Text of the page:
Ultra-Heavy Duty Support for Larger Speakers
Larger speakers need heavy-duty support, which the Pangea Audio DS300 stand provides, thanks to its ultra-rigid steel construction and audiophile design. Although it's packed with sound enhancing features that you usually only find on premium-priced stands, the DS300 is amazingly affordable.
The Story Behind These Remarkable Stands
Pangea Audio gave us the story behind their remarkable new DS300 and LS200 speaker stands. It's so good we thought we ought to share it.
"With the growing popularity of soundbars and on-wall speakers, the market for speaker stands has dramatically declined. Searching many Asian electronics shows, we found it difficult to find a manufacturer building steel stands. Wood, yes. Steel, no. We wanted steel. All the usual factories were now producing LCD mounts or LCD stands.
"Makings steel speaker stands, it seemed, was becoming a lost art.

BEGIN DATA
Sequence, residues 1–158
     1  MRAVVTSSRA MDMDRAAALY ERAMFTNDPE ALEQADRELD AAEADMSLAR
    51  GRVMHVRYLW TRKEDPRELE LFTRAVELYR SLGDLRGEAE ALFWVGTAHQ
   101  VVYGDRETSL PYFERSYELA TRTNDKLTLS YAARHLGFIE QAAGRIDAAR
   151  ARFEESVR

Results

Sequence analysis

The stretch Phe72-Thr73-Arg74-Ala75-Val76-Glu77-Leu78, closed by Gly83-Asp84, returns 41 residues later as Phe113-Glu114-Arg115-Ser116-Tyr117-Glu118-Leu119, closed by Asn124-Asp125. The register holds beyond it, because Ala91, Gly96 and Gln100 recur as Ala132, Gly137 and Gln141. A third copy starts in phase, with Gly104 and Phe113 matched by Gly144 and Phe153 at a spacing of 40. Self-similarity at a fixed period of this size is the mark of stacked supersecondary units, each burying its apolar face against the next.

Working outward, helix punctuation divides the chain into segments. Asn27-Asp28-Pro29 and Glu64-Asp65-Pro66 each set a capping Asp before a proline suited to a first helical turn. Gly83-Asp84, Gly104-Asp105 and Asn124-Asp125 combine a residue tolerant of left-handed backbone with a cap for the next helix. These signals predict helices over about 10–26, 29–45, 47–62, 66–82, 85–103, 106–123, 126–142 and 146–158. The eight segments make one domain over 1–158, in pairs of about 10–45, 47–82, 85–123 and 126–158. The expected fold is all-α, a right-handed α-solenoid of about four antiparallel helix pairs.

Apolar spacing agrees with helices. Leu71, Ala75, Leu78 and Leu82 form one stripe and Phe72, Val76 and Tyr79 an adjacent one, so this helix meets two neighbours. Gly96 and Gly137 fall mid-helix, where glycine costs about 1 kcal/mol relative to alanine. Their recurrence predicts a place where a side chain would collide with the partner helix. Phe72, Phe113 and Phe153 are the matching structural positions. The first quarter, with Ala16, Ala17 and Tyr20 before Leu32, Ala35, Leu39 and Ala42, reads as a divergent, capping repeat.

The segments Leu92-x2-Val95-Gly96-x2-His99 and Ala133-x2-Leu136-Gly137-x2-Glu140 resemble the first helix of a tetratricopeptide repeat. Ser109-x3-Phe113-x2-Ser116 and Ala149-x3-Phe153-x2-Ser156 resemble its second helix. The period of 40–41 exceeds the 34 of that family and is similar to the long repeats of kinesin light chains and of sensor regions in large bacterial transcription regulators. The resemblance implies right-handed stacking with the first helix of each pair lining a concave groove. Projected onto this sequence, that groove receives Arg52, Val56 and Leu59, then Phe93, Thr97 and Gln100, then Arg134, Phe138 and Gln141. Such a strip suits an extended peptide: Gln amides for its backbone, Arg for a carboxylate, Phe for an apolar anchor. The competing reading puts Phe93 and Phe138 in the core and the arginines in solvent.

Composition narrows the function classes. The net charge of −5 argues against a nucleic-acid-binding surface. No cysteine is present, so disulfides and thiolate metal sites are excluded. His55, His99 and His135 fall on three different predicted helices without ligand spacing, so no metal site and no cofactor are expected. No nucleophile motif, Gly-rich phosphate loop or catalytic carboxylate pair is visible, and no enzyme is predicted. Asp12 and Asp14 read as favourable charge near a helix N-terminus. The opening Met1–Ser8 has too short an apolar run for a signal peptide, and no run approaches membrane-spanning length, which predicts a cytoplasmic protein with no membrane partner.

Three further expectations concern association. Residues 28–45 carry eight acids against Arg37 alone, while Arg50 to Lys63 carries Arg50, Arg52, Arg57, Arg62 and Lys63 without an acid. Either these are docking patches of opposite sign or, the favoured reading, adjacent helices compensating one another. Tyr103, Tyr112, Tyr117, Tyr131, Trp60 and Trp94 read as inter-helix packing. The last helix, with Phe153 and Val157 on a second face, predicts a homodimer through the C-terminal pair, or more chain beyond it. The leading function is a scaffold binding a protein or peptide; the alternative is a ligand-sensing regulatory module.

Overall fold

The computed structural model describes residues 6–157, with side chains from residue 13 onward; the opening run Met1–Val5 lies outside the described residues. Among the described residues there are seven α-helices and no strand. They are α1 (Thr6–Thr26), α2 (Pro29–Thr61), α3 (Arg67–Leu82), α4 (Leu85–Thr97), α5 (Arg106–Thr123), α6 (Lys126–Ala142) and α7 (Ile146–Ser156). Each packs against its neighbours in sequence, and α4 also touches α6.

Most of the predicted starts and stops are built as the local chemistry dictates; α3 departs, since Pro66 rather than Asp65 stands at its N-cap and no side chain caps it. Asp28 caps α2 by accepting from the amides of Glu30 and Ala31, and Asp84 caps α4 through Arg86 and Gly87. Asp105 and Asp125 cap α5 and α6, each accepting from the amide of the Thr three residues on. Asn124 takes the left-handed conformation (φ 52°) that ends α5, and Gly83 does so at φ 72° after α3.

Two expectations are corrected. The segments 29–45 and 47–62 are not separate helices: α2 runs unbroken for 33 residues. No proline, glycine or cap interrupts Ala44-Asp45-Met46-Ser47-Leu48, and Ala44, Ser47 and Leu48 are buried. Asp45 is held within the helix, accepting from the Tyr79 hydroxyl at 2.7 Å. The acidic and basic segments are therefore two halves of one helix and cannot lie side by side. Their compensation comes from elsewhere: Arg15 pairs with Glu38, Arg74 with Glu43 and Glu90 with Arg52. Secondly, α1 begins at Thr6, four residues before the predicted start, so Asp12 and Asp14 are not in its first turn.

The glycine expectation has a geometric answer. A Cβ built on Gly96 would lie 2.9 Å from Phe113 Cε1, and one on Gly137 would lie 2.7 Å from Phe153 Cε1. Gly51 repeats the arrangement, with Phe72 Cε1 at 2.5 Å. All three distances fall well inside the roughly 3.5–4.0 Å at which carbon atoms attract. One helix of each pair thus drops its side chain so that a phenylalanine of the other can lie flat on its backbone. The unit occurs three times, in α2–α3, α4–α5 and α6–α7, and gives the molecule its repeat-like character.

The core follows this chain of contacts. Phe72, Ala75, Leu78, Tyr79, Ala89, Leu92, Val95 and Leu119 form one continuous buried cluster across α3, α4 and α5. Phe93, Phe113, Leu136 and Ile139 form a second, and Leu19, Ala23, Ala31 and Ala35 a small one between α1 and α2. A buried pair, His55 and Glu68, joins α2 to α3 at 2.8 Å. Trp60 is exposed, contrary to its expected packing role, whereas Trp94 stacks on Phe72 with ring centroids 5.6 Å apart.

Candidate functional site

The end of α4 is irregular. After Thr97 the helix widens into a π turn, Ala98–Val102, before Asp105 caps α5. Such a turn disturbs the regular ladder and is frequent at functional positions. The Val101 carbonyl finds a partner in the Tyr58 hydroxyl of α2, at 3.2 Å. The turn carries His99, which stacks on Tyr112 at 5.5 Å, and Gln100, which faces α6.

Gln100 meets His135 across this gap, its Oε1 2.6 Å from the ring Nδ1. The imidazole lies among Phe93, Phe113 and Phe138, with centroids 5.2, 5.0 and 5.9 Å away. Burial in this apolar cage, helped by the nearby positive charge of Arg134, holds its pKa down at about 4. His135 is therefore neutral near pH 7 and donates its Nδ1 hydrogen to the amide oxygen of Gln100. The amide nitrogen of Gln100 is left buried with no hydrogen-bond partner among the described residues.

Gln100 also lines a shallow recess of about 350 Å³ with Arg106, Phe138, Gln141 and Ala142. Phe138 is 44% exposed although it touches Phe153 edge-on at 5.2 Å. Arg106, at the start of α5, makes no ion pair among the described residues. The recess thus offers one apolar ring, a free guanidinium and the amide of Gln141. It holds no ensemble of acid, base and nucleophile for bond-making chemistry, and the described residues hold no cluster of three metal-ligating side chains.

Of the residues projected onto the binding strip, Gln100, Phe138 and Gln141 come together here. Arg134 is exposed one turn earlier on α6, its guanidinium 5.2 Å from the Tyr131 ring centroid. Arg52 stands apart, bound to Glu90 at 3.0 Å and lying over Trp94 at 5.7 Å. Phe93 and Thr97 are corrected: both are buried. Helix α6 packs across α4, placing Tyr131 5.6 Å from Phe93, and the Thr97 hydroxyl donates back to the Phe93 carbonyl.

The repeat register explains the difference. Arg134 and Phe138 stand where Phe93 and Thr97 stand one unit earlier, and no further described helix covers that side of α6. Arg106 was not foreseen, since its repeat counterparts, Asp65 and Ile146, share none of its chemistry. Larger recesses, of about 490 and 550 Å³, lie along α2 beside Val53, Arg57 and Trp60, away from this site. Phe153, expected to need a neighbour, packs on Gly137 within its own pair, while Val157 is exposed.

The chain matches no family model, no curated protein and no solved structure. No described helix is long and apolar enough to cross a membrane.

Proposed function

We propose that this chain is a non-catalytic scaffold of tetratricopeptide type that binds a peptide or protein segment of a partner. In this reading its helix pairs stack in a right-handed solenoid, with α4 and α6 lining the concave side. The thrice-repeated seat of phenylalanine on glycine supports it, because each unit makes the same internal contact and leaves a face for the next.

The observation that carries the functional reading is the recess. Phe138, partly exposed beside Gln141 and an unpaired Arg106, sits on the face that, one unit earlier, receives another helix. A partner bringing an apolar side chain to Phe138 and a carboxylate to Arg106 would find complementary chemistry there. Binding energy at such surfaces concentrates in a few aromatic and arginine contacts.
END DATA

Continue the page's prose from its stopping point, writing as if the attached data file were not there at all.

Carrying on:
"Finally, in the last show we visited late last year, in a separate room away from the main displays, in a poorly lit corner we discovered a small booth offering steel audio racks and speaker stands. Their signs were in Chinese. No one in the booth spoke English. We smiled and pointed at what we liked. They nodded and smiled back.
"Then our translator arrived. Yes, we build steel speaker stands said the woman who owned the factory. In fact, they had made them for British brands like Target Audio and Standesign. They seemed to know what they were doing. Their stands had all the features we like. Steel construction. Spiked feet. Baked-on scratch resistant powder coat finish.
"We ordered samples. They were as just what we wanted. Tolerances were tight so it would be easy to fill the tubes with sand or steel shot. We haggled a bit over packaging. We needed these heavy stands to survive the UPS and FedEx-man. [Sorry UPS & FedEx guys!] Finally we placed our order and here they are!"
Strong Four-Pillar Design